The Offshore Voyaging Reference Site

Charleston With Travel Photography Tips


Writing about camera gear or providing technical how-to tips is easy. But now I’m going to have a go at something much harder: tips on what to photograph and how to compose the shot.

It’s a Matter of Personal Style

Before we get into the specifics, please understand that I’m not suggesting that you slavishly try to copy what I do. Heck, you might not even like what I do—i.e. my style. Even if that is so, I hope this post will still inspire you in your search for your own photographic voice.

Talking of personal style, to my own eye at least, my photography has advanced most since I stopped shooting for the sailing magazines and stopped thinking about what they would like and buy—a very narrow and, to my mind, boring style—and started shooting purely to please myself. After all, how many more over-saturated sunset shots does this world need?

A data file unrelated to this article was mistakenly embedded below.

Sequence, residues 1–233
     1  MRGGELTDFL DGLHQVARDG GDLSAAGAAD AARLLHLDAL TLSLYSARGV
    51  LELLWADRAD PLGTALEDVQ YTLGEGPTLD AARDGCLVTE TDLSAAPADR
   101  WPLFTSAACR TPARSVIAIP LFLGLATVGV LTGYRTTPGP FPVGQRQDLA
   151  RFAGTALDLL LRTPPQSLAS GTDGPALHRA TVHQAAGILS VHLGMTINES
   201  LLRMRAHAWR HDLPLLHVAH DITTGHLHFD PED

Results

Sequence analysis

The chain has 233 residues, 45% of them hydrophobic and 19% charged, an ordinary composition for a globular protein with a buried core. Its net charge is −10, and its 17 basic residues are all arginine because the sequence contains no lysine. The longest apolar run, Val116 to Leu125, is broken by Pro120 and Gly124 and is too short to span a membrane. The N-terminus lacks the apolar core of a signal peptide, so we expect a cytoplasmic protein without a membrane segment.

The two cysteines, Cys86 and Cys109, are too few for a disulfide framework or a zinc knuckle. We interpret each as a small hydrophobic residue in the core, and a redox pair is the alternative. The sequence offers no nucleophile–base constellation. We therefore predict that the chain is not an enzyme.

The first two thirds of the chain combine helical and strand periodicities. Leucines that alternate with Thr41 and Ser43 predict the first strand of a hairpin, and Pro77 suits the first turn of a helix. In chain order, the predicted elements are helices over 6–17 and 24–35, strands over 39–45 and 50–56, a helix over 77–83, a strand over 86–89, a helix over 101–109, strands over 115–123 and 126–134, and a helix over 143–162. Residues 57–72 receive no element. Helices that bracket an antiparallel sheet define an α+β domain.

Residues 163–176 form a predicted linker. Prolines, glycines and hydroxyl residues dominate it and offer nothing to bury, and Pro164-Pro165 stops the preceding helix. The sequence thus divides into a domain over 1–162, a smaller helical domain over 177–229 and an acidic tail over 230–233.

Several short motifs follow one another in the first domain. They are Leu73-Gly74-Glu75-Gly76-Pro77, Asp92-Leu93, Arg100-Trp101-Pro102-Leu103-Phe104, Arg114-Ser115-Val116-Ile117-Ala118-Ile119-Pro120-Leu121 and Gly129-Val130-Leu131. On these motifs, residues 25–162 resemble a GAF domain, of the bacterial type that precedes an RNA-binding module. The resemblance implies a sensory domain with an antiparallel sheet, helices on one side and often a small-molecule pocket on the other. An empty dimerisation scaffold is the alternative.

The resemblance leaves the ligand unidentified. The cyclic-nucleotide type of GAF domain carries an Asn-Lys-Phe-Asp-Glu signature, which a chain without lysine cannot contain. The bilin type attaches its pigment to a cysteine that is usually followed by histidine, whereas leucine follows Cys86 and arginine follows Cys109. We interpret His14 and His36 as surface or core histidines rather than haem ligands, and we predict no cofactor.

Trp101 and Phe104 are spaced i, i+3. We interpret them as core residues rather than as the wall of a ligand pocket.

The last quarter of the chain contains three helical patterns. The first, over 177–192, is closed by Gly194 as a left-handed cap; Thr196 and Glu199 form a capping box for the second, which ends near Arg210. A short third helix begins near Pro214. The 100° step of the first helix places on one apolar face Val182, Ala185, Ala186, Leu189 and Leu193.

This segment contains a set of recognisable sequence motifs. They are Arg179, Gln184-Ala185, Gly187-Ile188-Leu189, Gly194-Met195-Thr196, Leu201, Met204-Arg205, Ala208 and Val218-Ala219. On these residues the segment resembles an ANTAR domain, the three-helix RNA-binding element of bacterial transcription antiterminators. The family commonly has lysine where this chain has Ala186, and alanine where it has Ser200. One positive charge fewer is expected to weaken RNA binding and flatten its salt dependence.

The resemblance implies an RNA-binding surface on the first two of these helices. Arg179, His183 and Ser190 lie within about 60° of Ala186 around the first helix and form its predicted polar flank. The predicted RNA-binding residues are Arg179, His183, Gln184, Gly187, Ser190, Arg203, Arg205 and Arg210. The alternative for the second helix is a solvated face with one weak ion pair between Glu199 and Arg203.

Photography as Part of Daily Life

Another important step in my journey as a photographer has been that I have now integrated my craft into our daily voyaging life. For me, this has proved to be much more realistic and enjoyable than trying to fit photography-only time to what is already a very full life. Sure, I still occasionally go out by myself with a tripod to try and make a killer landscape shot, but increasingly it’s the shots that capture the daily life or details of a place while out walking with Phyllis, or even running errands, that mean the most to me.

Share With Your Partner

The additional advantage of my developing style is that now my craft is a shared one. Although Phyllis has no interest in making photographs herself, because my photography is almost always part of our time out together, she has become part of the process: anticipating what I will shoot and discussing the composition afterward. In fact some of my favourite shots of the last couple of years are ones that Phyllis saw developing before I did—she pointed, I shot.